There are also some people who are able to retain remission without the use of any IBD treatments but we must stress here that you should always talk to your doctor before trying this route.

What if the drugs don't work?

Some people with Ulcerative Colitis need surgery to remove the whole of the colon if their symptoms do not respond to treatment with drugs. If the colon is removed, the small intestine leads to a stoma (opening on the abdomen or ‘tummy area') for emptying of liquid stool. Or a replacement colon (ileo-analpouch) is created by the surgeon reshaping the end of the small intestine.

In Crohn's, surgery may be required to remove narrowed or damaged parts of the intestine. Unfortunately the possibility of it recurring elsewhere is quite high. If the Crohn's is in the large intestine then the whole colon can be removed as with the Ulcerative Colitis procedure above.

Are there any other associated illnesses/symptoms?

Other parts of the body can be affected in some people (about 1 in 10) in addition to gut symptoms. These include: inflammation and pain of some joints (arthritis); skin rashes; inflammation of the eye (uveitis); liver inflammation.

It is not clear why these other symptoms occur. The immune system may trigger inflammation in other parts of the body when there is inflammation in the gut. These other problems tend to go when the gut symptoms settle, but not always.

Will I be able to work?

This will depend very much on the severity of your illness and in some respects the nature of your work. The majority of people manage to continue in their employment with little or no problems. Some people find they are unable to continue working in the same capacity while others adapt their routines to fit in with their work schedules.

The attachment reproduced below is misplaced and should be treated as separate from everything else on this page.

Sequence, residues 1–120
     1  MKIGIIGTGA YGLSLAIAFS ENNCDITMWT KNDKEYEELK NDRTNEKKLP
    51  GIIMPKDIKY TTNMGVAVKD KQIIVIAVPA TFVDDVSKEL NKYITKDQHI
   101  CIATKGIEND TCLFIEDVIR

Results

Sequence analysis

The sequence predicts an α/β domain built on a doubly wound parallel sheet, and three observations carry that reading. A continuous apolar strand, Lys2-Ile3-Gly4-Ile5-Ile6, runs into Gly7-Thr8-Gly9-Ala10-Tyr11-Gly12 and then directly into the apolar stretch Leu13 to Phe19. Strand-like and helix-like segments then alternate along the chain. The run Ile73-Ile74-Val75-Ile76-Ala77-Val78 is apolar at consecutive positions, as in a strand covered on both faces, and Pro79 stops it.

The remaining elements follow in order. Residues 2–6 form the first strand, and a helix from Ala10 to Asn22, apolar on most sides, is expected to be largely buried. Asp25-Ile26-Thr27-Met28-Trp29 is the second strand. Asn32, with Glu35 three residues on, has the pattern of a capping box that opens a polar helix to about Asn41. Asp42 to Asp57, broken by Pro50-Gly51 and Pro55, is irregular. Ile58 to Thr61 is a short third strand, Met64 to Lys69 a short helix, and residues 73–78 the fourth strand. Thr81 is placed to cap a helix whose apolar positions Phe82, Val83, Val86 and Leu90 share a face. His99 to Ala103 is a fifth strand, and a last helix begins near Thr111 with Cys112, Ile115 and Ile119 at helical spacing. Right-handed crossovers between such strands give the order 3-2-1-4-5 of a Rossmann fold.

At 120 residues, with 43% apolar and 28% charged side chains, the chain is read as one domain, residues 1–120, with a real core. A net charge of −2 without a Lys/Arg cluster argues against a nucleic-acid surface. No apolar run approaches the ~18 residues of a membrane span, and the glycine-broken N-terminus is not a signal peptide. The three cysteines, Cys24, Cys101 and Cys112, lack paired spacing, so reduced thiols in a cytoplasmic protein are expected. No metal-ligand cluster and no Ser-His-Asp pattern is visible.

Will having IBD affect my fertility and how will it affect me in pregnancy?

Having IBD does not necessarily reduce your chances of making a baby. However there are some men and women who have CD, and some men taking certain drugs for UC who may find they are less fertile. In very many of these cases something can be done about it.

Research has shown that the course of pregnancy and delivery is usually not impaired in women with IBD. Even so, women with IBD should discuss the matter with their doctors before pregnancy. Most children born to women with IBD are unaffected.

Will I end up with a bag?

Surgery is nearly always a last resort in both CD and UC. R emoval of the colon is considered in the following situations:

1. During a life-threatening flare-up. Removing the large intestine may be the only option if it swells greatly ('megacolon'), perforates, or bleeds uncontrollably.

2.If the illness is poorly controlled by medication. Some people remain in poor health with frequent flare-ups which do not settle properly. To remove the large intestine is a serious step, but for some people the operation is a relief after a long period of ill health.

3.If cancer or 'pre-cancer' of the large intestine develops .

Will I get cancer?

Statistically, individuals with CD have a slightly increased risk of developing colorectal cancer, although not as much of an increased risk as those with UC. Scientists are still searching for the link between inflammatory bowel disease and colon cancer.